Pilot your containers like a boss with AWS Copilot!

Getting started with AWS Copilot

Photo by Greg Rosenke on Unsplash

Copilot my friend

Everyone loves command line right?

Ok, at least if you regularly work with automation, pipelines, security... you do.

Everyone should love command lines!

It's the way to go to automate any strategic or boring task, removing the human factor from the equation and minimizing the error margin.

In this article, I will introduce you to AWS Copilot, and I'm sure you are going to become best friends in an instant!

Then we will prepare you to start the journey with a quick demo. Demos are like breakfast before hiking, right?

It prepares you just enough to be motivated enough to get started...

So, what are we waiting to prepare our hike?


Photo by Kelly Kiernan on Unsplash

What is Copilot?

You might (or might not) know about Amazon Elastic Compute Service (ECS), the AWS managed container orchestration system.

Thanks to Amazon ECS, running containerized application in a secure, observable and integrated way became really easy.

The idea of Amazon Copilot is to change the way you think about ECS. It's like going one step further...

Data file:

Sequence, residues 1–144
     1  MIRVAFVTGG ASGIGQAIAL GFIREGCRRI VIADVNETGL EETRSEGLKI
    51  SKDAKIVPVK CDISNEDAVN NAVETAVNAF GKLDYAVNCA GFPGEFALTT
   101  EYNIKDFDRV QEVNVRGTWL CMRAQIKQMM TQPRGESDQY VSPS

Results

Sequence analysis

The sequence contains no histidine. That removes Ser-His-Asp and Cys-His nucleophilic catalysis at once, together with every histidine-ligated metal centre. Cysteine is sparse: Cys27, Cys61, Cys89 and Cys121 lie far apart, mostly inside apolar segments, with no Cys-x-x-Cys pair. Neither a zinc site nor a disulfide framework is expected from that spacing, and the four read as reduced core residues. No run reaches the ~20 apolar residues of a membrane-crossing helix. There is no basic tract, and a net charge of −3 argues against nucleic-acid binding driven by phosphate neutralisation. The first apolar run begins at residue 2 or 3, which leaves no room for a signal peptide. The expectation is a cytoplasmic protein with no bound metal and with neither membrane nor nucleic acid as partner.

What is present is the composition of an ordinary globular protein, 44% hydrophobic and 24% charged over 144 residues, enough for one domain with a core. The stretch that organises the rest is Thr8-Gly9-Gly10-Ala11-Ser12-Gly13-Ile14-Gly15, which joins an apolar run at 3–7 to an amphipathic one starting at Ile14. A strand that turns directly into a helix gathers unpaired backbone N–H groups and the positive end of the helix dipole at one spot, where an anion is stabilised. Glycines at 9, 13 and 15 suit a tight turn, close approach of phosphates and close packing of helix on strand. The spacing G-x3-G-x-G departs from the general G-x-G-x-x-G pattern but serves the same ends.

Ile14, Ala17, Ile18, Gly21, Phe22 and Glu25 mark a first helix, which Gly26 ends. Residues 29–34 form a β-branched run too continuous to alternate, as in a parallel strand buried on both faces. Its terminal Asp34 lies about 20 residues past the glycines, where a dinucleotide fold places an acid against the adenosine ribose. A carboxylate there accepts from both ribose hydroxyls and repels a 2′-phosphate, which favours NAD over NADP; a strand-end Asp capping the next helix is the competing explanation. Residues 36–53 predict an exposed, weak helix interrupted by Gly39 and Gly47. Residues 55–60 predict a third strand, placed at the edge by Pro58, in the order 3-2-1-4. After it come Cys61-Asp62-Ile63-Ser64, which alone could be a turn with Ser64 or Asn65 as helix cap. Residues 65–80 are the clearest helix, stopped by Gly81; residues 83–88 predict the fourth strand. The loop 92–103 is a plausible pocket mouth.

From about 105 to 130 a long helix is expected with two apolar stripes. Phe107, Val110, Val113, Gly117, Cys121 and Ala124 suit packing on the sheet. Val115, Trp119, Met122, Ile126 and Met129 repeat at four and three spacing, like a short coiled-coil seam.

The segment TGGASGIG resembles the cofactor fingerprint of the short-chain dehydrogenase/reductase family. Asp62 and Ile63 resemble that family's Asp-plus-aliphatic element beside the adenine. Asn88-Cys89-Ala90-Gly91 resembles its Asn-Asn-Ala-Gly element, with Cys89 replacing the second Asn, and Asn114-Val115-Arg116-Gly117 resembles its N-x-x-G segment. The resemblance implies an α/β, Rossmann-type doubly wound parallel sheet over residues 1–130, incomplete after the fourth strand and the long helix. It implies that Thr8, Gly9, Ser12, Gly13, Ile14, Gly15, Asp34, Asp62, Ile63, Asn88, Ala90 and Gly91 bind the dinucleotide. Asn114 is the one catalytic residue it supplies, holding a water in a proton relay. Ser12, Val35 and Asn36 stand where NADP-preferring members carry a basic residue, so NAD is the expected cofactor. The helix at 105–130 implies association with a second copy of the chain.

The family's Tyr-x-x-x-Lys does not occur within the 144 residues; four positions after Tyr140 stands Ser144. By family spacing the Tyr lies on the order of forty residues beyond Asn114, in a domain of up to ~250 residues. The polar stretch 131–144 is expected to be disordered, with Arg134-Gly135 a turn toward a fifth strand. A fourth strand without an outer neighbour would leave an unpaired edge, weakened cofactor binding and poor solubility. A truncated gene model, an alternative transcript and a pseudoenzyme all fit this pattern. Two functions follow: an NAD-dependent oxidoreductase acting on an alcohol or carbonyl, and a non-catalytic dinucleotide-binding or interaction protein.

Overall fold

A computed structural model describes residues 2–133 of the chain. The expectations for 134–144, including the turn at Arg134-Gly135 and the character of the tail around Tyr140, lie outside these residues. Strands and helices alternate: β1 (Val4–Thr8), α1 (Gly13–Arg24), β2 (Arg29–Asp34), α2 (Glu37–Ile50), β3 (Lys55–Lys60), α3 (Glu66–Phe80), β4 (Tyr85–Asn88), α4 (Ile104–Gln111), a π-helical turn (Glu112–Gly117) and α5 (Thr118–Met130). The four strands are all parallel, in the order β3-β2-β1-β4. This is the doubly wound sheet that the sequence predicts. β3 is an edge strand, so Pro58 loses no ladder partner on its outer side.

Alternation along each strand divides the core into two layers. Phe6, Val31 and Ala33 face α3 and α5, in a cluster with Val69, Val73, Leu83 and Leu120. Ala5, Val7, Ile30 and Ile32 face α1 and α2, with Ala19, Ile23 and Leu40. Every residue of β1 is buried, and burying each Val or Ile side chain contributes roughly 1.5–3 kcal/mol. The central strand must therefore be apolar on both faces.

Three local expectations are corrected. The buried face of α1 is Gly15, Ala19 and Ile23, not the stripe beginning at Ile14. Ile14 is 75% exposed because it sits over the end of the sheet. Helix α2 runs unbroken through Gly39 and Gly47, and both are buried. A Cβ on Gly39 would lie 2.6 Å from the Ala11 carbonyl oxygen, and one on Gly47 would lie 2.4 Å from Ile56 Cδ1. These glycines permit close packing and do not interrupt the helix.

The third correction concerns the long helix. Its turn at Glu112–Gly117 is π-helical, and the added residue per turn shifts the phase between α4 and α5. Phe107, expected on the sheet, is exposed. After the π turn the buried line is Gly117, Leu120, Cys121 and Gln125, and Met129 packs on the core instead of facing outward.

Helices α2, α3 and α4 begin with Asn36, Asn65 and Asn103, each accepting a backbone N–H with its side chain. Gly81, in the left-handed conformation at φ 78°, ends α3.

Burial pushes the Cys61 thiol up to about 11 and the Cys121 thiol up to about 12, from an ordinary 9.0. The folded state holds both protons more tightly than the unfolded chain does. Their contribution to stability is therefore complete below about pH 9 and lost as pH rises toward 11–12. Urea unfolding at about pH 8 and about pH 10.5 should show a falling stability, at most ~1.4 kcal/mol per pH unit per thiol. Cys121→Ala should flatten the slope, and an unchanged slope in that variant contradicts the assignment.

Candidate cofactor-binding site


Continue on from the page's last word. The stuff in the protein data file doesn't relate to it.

No more manual management or lower-level infrastructure, with Copilot, you only think about your application.

We could say it's something like "ECS architecture design patterns and best practices" As A Service.

The only thing you need to do is to provide a container and Copilot will deploy and operate it following the ECS best practices to provide high availability, configuration and state of the art infrastructure.

Copilot can even handle the deployment pipeline for you.

How can you quickly start?


  • Install Copilot

Just install Copilot for your favourite OS from here

  • Install Docker

Copilot will use docker to package the application.

You will find all the installation details here

  • Configure your credentials

If you don't use it already, install the AWS CLI and configure your credentials using

aws configure

Deploy a demo app

AWS prepared something for you and me...

git clone https://github.com/aws-samples/amazon-ecs-cli-sample-app.git demo-app

This repository contains a ready-to-deploy application to quickly use copilot.

One more step and you will be done:

copilot init

Answer the questions: demo, Load Balanced Web Service, api, Dockerfile, 80.

You could also pass all those values as parameter but Copilot is kind enough to ask you if you forgot to give the information in the first time.

As Copilot is able to look inside your code (what a clever tool, isn't it?), it might be able to find the Dockerfile by itself (and port too).

Then choose to deploy a test environment.

When the deployment has completed, you will be able to check it.

Tips: You might use some commands from the "some helpful commands" section...

Here is what Copilot is doing underneath:


You know what's great news?

You don't even need to know how to manage any of the steps into this schema. Copilot is doing it for you, taking all the responsibilities.

Isn't this cool?

Clean up

In the mean time, maybe at some point you will want to clean up the environment:

copilot app delete

Super easy right?

Some helpful commands

To get familiar with the tool, try the following commands: